As you probably already know, sugar is a good way to raise your blood sugar. Oftentimes you can reduce the amount of sugar used in a recipe without significantly affecting its taste or texture. One exception is recipes that call for yeast as the yeast requires sugar in order for the end result to come out properly. In bread, for example, the sugar helps to feed the yeast that provides leavening.

Avoid using artificial sweeteners like aspartame as they may actually be even worse than actual sugar for diabetics, according to a number of studies. A study published in PLos One in 2012 showed that chronic lifetime exposure to aspartame produced changes in blood glucose parameters that adversely impacted spatial learning and memory in mice. It also decreased insulin sensitivity, as compared to controls.

Coconut sugar is a better alternative with a slight caramel taste. Considered a natural sweetener, it has a glycemic index of 35, and while making foods with it would not render them sugar-free, coconut sugar, which is made up of sucrose along with small amounts of fructose and sucrose, is considered acceptable due to the way it breaks down in the body. It can typically be used on a 1:1 basis in recipes. As it’s more coarse than white or brown sugar and a recipe calls for creaming butter with sugar, the result will have a more speckled look.

You don’t need to avoid all sugar, all of the time. You can enjoy some of your favorite treats, provided you plan properly and limit hidden sugars that are often found in processed and fast foods, including staples like cereals and bread, pasta sauce, frozen dinners, etc. Sugar may be listed in many different forms, but it’s all sugar: molasses, honey, agave nectar, corn sweetener, dextrose, evaporated cane juice, lactose, high fructose corn syrup, and many others. Play detective and learn to spot sugar on ingredient labels in all of its forms.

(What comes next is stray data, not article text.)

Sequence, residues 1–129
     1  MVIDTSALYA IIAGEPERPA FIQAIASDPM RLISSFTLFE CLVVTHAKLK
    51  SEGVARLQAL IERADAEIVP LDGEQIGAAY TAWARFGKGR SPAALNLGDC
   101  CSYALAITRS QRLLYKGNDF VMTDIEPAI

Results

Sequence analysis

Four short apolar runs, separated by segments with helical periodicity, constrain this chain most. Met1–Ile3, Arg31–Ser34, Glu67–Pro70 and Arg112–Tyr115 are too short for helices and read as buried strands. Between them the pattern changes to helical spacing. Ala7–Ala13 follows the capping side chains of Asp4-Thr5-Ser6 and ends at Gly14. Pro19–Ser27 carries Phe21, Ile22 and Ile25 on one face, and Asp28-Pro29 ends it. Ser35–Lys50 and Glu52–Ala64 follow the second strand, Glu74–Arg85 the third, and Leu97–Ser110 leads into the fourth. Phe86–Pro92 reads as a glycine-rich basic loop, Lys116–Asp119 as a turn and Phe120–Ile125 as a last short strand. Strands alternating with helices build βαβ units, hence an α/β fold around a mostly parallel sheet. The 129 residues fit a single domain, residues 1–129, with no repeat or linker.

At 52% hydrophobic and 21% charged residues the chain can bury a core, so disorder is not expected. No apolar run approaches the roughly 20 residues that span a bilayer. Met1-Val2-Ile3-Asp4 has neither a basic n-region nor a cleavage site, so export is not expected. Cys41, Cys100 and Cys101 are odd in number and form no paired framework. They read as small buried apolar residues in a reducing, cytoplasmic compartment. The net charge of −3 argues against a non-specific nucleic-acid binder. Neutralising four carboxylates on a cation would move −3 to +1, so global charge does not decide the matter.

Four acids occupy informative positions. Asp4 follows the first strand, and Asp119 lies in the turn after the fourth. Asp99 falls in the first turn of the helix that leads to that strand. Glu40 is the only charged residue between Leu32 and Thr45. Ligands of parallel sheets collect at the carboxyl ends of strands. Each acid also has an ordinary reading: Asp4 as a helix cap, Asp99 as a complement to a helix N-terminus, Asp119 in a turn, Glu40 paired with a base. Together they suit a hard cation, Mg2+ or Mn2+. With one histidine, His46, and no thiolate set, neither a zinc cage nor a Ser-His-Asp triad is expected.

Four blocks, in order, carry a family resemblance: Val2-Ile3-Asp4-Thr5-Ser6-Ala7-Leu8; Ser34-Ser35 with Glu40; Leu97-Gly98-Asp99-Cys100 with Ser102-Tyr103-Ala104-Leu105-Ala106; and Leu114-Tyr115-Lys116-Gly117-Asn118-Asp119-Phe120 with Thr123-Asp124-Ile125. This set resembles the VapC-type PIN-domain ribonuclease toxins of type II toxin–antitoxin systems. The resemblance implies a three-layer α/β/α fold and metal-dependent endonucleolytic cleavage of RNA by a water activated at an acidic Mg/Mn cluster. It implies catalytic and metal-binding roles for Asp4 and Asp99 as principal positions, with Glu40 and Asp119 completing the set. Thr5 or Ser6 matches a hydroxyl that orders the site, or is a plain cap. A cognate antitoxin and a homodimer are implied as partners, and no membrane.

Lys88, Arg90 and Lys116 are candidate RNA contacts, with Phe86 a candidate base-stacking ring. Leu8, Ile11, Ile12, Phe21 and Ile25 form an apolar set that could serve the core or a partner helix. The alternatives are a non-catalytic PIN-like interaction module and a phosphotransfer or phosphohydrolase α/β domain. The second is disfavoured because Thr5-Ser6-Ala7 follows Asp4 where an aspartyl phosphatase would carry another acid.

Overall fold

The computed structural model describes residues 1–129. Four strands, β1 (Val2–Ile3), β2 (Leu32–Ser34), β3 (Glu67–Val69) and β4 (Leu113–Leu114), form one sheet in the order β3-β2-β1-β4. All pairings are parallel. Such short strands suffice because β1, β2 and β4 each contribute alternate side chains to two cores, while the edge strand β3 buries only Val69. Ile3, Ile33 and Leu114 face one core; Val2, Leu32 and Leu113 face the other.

Desserts don’t need to be completely off limits as long as they’re a part of an overall healthy meal plan.

Invest in a few good kitchen tools

Cooking healthy meals is much easier when you have the right tools, such as sharp knives. Invest in a good chef’s knife as well as a small paring knife to make it easier to cut those fresh vegetables. A julienne peeler is cheap and great for slicing up vegetables like squash into pasta-like noodles. Having a large cutting board and quality cookware like a cast iron pan, can also making cooking at home lots easier.

Plan out your meals for the week

Having a plan is a great way to stay on track with your diet and also helps you to avoid shopping when you’re hungry. If you don’t have a plan and hunger kicks in without anything to turn to, you’ll be a lot more tempted to reach for anything that’s there, and often, that choice won’t be the best one.